Additionally, The Narrows will be hosting their 15th Annual Narrows Festival of the Arts this Sunday, September 11th, from 11 a.m. to 7 p.m. This year’s lineup includes headliner Amy Helm, Paul Cebar and Tomorrow Sound, Alexis Suter Band, Tim Ray Trio, Roy Sludge, Ghosts of Paul Revere, Butch McCarthy, and TJ’s Music Allstars. This event is free to the public.

“What people can look forward to is a good time,” said Norton. “The Narrows Festival is the one day of a month we show people what we do here all the time. It’s a mix. We’ve got eight bands, and those bands are a mix of blues, rock, jazz, folky, bluegrass kind of stuff. We have the art vendors. We got food trucks. Stuff for the kids. So it’s family-friendly. It’s a dance party. We show some fun dance bands that are playing. And you know, it’s free. It’s our kind of thank you to our fans and the City of Fall River.”

As to his future goals for the Narrows, Norton said, “We would like to purchase the building and expand our offerings. If you’re not growing you’re dying. You really have to hustle this thing because there’s a lot of competition out there.”

For more information about the Narrows Center, visit






The Spire: Plymouth’s new home for inspiration

The Spire (Photo by Allison DiMaggio)
The Spire (Photo by Allison DiMaggio)


Before the Spire Center for Performing Arts began drawing people to downtown Plymouth, Mass., the large spire atop the building was used to guide ships into Plymouth Harbor. Now, audiences and artists alike are sailing their way into The Spire for music, theater, dance and other performing arts activities.

After three years and countless hours of work, The Spire received an overwhelming response to their opening night gala in early April with a sold out crowd.

“From the very beginning, the community was behind this,” said Robert Hollis, president of the performing arts center’s board of directors.

The Spire’s goal is right in its name: to inspire and aspire.

“Opening weekend was just amazing,” Hollis said. “It suddenly hit me how great it was.”

The Spire has already been a draw for talented musicians, bringing in The Sea The Sea on opening night and Plymouth native and musician, Hayley Sabella, on April 18 for her CD release party.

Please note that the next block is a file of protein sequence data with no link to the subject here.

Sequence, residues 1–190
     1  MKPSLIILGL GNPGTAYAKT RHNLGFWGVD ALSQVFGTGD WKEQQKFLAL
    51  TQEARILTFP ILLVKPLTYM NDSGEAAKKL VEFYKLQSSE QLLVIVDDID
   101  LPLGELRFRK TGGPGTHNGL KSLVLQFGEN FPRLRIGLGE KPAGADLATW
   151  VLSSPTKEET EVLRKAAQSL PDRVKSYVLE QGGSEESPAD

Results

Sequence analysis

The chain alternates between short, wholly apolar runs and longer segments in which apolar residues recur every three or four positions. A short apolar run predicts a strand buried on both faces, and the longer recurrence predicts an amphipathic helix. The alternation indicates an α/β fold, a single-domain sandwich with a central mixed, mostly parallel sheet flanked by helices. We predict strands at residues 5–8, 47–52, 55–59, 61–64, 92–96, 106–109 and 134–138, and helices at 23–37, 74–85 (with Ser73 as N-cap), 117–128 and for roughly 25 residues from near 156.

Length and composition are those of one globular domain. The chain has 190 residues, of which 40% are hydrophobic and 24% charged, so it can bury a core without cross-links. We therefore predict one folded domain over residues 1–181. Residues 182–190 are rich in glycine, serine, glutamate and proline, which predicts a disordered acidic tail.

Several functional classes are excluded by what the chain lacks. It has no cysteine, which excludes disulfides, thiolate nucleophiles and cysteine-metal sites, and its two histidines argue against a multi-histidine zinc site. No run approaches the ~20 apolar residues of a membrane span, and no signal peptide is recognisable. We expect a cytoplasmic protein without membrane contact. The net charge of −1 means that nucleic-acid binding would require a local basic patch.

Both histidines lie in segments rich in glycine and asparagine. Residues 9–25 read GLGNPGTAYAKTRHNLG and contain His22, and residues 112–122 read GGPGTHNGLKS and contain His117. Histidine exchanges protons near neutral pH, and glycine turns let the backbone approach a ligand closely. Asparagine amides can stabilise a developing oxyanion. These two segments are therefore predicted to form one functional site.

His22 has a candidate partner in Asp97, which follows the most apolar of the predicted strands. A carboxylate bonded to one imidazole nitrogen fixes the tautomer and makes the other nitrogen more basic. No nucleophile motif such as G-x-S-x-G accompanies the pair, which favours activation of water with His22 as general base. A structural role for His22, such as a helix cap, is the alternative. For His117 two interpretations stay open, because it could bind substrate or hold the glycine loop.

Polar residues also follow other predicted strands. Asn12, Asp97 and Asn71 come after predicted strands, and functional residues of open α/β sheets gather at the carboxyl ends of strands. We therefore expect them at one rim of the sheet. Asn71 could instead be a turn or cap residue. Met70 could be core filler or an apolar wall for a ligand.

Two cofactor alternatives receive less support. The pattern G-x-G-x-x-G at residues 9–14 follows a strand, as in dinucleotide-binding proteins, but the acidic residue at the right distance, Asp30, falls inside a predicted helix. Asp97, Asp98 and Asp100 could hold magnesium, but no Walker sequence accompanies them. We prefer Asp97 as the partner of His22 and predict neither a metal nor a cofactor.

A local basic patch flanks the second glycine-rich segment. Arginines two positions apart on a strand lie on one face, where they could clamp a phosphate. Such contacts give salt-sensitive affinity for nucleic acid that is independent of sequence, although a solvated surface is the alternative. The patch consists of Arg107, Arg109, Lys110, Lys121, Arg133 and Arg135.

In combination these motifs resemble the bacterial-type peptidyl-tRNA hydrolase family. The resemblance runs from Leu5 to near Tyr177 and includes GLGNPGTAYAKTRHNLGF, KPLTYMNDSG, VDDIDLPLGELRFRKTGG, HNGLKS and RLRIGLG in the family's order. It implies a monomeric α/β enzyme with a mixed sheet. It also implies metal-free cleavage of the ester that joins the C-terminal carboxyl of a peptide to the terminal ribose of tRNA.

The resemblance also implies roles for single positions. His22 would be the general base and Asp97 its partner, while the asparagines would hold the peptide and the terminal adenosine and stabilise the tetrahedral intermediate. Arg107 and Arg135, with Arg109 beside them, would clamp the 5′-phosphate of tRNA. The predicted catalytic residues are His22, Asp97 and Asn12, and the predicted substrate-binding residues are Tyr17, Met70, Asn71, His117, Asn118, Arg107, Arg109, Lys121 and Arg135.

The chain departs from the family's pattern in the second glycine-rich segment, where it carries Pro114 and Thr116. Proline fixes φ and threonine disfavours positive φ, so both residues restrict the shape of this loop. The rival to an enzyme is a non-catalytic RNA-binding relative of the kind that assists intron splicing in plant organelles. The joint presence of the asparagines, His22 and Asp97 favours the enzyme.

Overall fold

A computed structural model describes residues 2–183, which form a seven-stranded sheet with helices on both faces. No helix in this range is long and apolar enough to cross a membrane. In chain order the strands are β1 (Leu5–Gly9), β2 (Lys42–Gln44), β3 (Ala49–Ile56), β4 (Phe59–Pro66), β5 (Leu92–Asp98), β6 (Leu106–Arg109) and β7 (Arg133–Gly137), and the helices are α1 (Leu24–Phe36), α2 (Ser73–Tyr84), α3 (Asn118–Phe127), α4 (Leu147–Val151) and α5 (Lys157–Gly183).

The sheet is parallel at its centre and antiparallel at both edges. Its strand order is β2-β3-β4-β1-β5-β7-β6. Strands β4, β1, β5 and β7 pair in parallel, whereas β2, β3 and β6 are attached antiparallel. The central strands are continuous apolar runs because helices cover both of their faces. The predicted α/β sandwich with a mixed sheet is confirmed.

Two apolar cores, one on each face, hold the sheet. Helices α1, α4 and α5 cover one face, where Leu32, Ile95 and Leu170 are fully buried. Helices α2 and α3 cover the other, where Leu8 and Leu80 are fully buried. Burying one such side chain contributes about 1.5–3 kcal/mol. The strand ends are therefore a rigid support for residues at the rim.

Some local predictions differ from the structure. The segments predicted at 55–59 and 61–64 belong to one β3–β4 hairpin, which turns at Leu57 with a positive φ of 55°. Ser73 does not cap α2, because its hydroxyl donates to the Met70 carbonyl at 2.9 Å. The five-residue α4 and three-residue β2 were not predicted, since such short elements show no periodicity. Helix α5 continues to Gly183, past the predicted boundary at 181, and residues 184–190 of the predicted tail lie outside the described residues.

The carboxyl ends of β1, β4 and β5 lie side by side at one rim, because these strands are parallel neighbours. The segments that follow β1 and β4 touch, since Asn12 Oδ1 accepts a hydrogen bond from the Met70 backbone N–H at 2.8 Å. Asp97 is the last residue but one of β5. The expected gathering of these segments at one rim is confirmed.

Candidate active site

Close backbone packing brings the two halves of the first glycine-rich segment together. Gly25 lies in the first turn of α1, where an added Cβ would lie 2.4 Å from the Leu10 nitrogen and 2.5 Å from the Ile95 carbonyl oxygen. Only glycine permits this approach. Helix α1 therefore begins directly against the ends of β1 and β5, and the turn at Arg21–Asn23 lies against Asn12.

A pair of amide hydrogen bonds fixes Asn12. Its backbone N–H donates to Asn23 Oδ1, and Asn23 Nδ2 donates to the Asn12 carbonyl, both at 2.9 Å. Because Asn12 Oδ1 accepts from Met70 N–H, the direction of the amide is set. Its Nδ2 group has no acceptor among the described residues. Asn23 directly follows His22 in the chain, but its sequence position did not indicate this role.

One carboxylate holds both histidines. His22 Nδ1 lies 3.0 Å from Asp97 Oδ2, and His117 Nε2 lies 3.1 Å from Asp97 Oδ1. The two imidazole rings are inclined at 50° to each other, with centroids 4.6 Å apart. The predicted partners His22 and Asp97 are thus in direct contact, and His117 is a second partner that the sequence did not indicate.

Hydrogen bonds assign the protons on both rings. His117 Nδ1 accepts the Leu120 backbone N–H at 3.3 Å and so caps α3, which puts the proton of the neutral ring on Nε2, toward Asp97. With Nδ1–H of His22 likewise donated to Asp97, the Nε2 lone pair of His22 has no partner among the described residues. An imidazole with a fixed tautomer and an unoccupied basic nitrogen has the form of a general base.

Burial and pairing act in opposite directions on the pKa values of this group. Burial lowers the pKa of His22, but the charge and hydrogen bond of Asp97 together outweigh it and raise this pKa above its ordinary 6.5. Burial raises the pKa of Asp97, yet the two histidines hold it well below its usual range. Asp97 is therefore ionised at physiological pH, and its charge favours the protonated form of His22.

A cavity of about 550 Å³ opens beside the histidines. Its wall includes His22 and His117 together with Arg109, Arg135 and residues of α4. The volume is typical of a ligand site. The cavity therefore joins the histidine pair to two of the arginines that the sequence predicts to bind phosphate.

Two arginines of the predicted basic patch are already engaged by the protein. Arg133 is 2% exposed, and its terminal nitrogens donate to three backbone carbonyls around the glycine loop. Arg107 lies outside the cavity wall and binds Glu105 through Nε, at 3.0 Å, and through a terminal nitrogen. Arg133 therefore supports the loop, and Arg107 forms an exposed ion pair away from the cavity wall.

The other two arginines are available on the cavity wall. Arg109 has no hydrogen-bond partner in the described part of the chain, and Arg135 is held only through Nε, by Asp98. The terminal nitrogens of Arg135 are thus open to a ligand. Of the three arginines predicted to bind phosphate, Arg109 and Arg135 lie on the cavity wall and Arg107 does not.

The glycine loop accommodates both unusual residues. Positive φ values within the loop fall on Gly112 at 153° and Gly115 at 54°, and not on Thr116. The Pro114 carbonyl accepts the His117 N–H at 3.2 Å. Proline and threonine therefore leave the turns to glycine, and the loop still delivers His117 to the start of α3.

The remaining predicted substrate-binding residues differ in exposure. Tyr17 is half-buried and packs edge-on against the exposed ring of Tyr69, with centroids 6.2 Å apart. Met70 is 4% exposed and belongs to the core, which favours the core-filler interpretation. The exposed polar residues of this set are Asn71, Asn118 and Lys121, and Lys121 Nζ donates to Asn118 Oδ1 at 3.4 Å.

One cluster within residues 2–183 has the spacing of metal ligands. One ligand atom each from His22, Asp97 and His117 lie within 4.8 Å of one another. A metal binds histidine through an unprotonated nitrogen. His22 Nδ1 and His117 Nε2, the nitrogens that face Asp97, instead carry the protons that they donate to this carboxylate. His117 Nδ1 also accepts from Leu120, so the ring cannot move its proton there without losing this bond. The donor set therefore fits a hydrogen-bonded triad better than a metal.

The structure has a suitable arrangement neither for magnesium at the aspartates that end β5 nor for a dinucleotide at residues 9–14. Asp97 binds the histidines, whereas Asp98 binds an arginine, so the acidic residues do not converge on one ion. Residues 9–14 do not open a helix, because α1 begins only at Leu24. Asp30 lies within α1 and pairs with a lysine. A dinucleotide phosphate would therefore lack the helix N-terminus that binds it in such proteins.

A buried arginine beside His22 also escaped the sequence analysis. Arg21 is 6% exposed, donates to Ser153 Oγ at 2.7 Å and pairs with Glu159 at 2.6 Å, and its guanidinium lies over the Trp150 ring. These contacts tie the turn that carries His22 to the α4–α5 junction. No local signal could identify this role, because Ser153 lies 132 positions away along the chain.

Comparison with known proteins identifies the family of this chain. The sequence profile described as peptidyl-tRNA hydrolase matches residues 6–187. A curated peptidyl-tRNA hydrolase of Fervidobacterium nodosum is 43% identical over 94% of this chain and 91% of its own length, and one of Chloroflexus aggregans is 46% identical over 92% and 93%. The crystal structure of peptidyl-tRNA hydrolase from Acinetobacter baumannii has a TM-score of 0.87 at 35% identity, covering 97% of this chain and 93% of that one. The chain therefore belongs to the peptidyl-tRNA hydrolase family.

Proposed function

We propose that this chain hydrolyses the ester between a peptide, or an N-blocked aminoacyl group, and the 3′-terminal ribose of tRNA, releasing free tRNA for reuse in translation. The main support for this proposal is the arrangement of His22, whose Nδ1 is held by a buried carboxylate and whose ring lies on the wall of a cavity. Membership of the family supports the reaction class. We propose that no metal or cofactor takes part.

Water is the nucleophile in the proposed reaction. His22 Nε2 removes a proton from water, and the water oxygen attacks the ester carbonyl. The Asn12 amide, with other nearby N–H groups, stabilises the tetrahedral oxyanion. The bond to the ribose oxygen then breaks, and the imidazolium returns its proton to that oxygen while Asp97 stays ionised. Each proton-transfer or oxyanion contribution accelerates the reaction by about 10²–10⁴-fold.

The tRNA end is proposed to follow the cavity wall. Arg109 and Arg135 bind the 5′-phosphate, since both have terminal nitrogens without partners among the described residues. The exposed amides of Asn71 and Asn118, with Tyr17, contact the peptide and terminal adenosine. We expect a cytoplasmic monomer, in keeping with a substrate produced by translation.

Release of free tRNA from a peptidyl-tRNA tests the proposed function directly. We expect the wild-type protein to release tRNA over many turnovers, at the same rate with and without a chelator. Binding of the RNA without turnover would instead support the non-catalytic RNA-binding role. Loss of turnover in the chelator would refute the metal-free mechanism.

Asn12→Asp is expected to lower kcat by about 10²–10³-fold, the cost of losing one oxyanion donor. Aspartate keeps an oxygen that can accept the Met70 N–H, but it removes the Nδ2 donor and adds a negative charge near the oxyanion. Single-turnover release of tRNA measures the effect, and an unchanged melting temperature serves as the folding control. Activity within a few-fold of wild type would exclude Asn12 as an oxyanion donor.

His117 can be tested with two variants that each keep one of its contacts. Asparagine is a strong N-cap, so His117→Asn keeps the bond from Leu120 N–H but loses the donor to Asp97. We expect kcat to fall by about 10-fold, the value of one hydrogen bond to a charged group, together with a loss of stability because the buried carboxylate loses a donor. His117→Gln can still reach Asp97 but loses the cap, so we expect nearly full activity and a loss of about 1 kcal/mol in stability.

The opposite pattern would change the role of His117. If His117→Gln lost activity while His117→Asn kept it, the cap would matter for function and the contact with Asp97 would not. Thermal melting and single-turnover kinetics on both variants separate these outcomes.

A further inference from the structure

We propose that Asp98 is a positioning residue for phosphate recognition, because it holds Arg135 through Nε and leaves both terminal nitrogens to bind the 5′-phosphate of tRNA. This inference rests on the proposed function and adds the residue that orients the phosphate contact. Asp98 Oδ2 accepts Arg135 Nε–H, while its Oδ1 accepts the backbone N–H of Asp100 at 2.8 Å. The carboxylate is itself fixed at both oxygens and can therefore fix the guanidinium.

“It was an honor to have my CD release party there, and I have a difficult time imagining a more perfect place for folk music and performance art to take place” Sabella said.

Along with playing regional, national, and local acts, The Spire will host theater about a third of the time.

“Our goal is to treat performers how they should be treated,” said Hollis “They put a lot of themselves in what they do and we owe it back to them.”

The intimate setting is also a unique aspect of the venue that musicians find appealing, Hollis added.

“The acoustics are incredible, the ambiance is haunting, and overall structure makes it a captivating listening room,” Sabella said. “It wouldn’t surprise me if the venue eventually gains national attention.”

As a long time musician and member of the arts community himself, Hollis is greatly invested in the arts in Plymouth. Over the last four years, Hollis has easily worked 80 to 100 hours a week to make The Spire what it is today, he said.

From renovations to generous donations, The Spire has come a long way and will continue to improve, Hollis said, adding that they will continue to put profits towards improvements to the sound system and outside renovations, such as repairs to the roof and steeple.

Since the beginning, it has been a project for the community, Hollis explained. After receiving $360,000 from the town, $285,000 for renovations, Hollis and the members of the Plymouth Performing Arts Center raised an additional $120,000 for a state of the art sound system, bar, and expansive stage. They were able to expand the building three times its original size.

Currently in the works is adding the ability to record the live performances for the musicians who play. This would give musicians the opportunity to sell live performance CDs of their concerts at The Spire.

A performing arts school is in the works, as well. The goal for the performing arts school is to have a place where people can learn musical theater, acting, and most importantly how to apply what they are learning, Hollis said.

The Spire is also proving itself as an economic draw for Plymouth by encouraging nearby communities to see shows in Plymouth and by encouraging Plymouth natives to spend more time in the center.

As the former Beth Jacob Community Center, The Spire is more than an arts center and an economic draw for the town it is a historical preservation.

“If the town didn’t take it then it would be apartments or condos,” Hollis said. “This way we preserve the building in the form it is now.”

The venue currently has performances booked through June, including a diverse line-up of pop, folk, jazz and theater productions.

For more information about The Spire or to purchase tickets to upcoming events, visit

EDITOR’S NOTE: Our publisher will present folk icon Tom Rush at The Spire on Friday, June 6, 2014, at 8 p.m. Tickets can be purchased HERE.